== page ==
One of the first rules of good engineering practice is the KISS principle. KISS is an acronym for “Keep it simple stupid”. Basically, this means that most things function best if they are kept simple. It is often believed that expensive complex activities/functions are required to improve equipment reliability. Improving equipment reliability can be complicated and expensive in certain situations. Thankfully, this can be the exception and not the rule within your facility. Don’t focus excessively on the complex and expensive reliability functions you cannot complete and thereby overlook the fundamental things that are required to keep your equipment reliable.
What reliability improvements can you make in your facility that do not require expensive or complicated actions? Start with the “basics” such as:
- Align (shaft, coupling, etc.)
- Balance (rotating components: fan blades, impellers, rotors.)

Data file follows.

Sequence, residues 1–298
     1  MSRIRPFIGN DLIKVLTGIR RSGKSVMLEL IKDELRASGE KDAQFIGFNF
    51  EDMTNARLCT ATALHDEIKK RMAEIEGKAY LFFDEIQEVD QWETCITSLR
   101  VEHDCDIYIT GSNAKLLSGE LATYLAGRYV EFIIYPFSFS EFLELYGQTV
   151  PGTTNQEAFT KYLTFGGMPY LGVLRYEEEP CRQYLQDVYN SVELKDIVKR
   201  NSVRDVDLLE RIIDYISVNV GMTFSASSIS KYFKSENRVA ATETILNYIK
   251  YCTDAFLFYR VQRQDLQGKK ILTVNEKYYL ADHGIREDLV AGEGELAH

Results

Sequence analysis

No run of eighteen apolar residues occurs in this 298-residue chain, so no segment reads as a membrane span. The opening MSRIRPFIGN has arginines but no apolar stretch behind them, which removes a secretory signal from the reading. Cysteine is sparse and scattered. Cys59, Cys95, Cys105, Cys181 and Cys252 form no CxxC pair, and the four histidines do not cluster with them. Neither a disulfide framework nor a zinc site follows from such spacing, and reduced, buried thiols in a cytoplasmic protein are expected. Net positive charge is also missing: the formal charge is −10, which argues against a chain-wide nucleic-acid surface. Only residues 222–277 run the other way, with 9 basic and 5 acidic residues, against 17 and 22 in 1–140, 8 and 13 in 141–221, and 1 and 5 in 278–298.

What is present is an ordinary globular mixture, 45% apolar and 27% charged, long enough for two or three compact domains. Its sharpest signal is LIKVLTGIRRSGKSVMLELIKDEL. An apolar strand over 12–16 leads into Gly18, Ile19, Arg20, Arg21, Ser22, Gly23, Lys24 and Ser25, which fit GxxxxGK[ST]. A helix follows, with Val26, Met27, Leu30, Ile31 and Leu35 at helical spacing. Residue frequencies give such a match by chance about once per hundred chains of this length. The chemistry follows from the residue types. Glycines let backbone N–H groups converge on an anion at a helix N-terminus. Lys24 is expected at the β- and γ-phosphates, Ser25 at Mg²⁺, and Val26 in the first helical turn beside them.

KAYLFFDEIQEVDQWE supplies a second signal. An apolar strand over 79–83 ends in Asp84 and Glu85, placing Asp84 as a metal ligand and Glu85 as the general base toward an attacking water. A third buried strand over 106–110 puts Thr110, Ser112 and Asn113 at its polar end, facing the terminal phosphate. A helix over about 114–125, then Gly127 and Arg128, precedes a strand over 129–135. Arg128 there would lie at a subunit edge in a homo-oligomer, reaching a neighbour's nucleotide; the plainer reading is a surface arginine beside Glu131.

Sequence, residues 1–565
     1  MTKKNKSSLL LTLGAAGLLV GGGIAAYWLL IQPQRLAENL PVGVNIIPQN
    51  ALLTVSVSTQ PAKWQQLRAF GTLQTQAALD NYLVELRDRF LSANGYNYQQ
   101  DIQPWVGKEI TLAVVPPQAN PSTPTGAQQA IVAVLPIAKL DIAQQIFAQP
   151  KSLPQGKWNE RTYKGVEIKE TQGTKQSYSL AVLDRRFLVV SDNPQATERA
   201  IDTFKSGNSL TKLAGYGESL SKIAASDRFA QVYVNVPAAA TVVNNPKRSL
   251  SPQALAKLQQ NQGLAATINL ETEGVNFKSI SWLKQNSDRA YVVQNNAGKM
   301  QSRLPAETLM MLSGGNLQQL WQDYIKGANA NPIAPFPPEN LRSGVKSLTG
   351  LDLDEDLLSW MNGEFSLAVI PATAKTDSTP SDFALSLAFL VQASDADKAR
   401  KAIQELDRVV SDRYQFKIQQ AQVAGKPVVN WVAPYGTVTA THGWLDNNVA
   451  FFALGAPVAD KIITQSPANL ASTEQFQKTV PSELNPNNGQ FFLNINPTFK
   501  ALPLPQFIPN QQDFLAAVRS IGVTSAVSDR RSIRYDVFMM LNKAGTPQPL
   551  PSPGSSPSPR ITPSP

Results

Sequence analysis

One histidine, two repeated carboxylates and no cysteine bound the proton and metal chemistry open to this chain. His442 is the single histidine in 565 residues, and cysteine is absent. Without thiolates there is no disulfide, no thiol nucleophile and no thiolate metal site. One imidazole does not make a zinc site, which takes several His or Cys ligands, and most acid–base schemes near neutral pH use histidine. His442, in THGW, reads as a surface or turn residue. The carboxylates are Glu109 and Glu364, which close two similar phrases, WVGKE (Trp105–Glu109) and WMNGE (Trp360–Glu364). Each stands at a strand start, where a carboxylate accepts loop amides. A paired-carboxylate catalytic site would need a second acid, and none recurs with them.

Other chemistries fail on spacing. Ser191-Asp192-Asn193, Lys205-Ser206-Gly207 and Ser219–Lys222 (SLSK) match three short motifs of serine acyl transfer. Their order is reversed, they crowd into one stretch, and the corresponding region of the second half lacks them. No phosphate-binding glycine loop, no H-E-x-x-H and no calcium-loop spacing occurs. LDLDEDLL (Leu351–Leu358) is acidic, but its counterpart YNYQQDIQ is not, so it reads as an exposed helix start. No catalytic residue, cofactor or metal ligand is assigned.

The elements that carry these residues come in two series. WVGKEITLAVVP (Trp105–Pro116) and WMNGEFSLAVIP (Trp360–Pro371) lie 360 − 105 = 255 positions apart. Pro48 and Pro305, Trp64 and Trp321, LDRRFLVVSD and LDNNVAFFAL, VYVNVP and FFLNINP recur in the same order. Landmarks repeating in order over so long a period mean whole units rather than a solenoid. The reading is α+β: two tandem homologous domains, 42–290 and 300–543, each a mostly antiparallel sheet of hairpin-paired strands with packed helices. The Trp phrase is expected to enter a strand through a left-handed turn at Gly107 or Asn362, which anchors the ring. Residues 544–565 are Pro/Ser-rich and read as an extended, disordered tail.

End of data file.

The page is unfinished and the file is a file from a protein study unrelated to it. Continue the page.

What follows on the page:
- Tight (eliminate looseness and excessive vibration.)
- Lubricate (correctly—not too much or too little!)
- Apply condition monitoring
- Understand where your efforts should be focused
Don’t wait until the equipment has been installed and is operating. The basic functions listed above must be included in the specification, design, purchase, and routine operation of your equipment. Failure to address these vital aspects from the beginning through the operation of your equipment will result in higher maintenance costs and reduced equipment reliability.
Often fundamental reliability functions are not completed due to a lack of resources, understanding, time, funding, etc. Ensure that your engineering, maintenance, production, purchasing, and management teams understand and routinely employ these fundamental maintenance practices to keep your equipment reliable from the beginning.
Reliability by Trent Phillips